Zen master Dogen, along with other Mahayana teachers, taught that the universe itself is Buddha-nature.
Rather than something we have like a soul or spirit, Buddha-nature is instead what we are as particular manifestations of the one universal Buddha-nature, Existence itself:
For Dōgen, Buddha-nature or Busshō (佛性) is the nature of reality and all Being. In the Shōbōgenzō, Dōgen writes that “whole-being (Existence itself) is the Buddha-nature” and that even inanimate things (grass, trees, etc.) are an expression of Buddha-nature. He rejected any view that saw Buddha-nature as a permanent, substantial inner self or ground. Dōgen held that Buddha-nature was “vast emptiness”, “the world of becoming” and that “impermanence is in itself Buddha-nature”. According to Dōgen:
Therefore, the very impermanency of grass and tree, thicket and forest is the Buddha nature. The very impermanency of men and things, body and mind, is the Buddha nature. Nature and lands, mountains and rivers, are impermanent because they are the Buddha nature. Supreme and complete enlightenment, because it is impermanent, is the Buddha nature.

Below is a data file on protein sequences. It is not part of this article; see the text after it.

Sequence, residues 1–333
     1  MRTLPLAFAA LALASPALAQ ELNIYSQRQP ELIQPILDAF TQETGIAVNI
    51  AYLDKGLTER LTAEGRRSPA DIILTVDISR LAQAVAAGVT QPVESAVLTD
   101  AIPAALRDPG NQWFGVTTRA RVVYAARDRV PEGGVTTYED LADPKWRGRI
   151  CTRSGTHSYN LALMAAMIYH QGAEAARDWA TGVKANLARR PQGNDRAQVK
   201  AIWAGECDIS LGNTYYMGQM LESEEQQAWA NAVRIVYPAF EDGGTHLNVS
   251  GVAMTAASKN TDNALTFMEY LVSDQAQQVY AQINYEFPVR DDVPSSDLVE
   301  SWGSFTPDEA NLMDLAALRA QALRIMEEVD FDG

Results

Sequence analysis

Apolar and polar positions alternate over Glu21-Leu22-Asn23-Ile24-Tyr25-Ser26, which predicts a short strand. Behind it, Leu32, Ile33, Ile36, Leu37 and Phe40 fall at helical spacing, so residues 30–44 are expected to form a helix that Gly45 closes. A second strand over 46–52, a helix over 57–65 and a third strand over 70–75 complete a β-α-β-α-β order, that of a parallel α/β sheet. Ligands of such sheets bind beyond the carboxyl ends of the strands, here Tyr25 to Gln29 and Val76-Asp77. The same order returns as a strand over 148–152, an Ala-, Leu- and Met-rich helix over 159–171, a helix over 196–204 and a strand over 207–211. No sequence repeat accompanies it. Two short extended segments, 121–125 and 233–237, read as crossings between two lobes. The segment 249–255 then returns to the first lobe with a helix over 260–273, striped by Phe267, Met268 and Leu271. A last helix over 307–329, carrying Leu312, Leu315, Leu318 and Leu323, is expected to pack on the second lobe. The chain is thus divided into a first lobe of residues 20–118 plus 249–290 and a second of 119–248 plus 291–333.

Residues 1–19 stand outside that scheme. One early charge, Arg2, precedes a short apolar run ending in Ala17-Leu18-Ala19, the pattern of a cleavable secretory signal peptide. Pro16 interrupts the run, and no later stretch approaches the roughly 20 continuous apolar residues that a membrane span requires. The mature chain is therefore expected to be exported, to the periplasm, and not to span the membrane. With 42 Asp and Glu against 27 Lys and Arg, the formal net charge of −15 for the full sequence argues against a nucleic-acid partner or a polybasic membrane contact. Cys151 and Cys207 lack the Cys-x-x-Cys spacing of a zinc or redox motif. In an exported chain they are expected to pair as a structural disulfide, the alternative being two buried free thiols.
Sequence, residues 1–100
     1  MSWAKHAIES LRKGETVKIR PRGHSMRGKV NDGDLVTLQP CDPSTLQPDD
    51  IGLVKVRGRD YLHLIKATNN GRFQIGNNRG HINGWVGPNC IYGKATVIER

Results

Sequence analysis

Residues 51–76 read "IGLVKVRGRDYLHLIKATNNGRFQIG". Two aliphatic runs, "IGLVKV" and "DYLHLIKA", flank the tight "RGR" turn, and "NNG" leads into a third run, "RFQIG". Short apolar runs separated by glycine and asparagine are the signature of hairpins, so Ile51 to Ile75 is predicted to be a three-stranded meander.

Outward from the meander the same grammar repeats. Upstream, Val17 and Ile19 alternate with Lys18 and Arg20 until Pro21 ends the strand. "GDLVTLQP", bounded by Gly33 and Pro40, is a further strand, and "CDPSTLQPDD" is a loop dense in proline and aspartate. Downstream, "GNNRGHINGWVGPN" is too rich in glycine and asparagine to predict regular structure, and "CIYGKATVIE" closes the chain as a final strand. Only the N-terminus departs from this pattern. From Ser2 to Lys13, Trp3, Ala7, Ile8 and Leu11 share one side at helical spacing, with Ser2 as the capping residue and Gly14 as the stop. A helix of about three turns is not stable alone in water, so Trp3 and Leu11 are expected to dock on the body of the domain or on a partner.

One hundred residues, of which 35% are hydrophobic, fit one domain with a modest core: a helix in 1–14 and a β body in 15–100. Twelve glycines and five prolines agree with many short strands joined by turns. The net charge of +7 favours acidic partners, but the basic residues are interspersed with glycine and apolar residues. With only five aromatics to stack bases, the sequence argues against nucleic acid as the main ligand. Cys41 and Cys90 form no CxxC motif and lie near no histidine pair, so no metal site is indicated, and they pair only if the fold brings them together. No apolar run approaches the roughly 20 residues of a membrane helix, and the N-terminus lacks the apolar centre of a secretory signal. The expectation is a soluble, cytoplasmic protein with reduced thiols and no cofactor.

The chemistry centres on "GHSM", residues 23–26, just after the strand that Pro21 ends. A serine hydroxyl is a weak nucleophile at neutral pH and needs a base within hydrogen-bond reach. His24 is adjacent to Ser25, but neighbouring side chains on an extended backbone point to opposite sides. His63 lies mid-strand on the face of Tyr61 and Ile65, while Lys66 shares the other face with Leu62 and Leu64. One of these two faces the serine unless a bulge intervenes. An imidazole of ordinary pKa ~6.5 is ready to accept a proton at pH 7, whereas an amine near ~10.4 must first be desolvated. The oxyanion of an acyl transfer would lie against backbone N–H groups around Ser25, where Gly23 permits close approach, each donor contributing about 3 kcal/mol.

Humans, plants and animals, rather than separate living things which each have a Buddha-nature, are temporary manifestations of the one Buddha-nature, which is none other than the totality of Existence itself.
This does away with the distinction between the material and the spiritual, since they are instead seen as different aspects of the same reality. The experience of enlightenment is realizing the interconnectedness of all things (dependent origination), that we are not separate or distinct from the Whole.
The reason why I am sharing these things is to show that the concept of Buddha-nature, when seen as another way of describing the totality of Existence itself, in no way contradicts the Buddha’s original teachings on impermanence and anatta or non-self.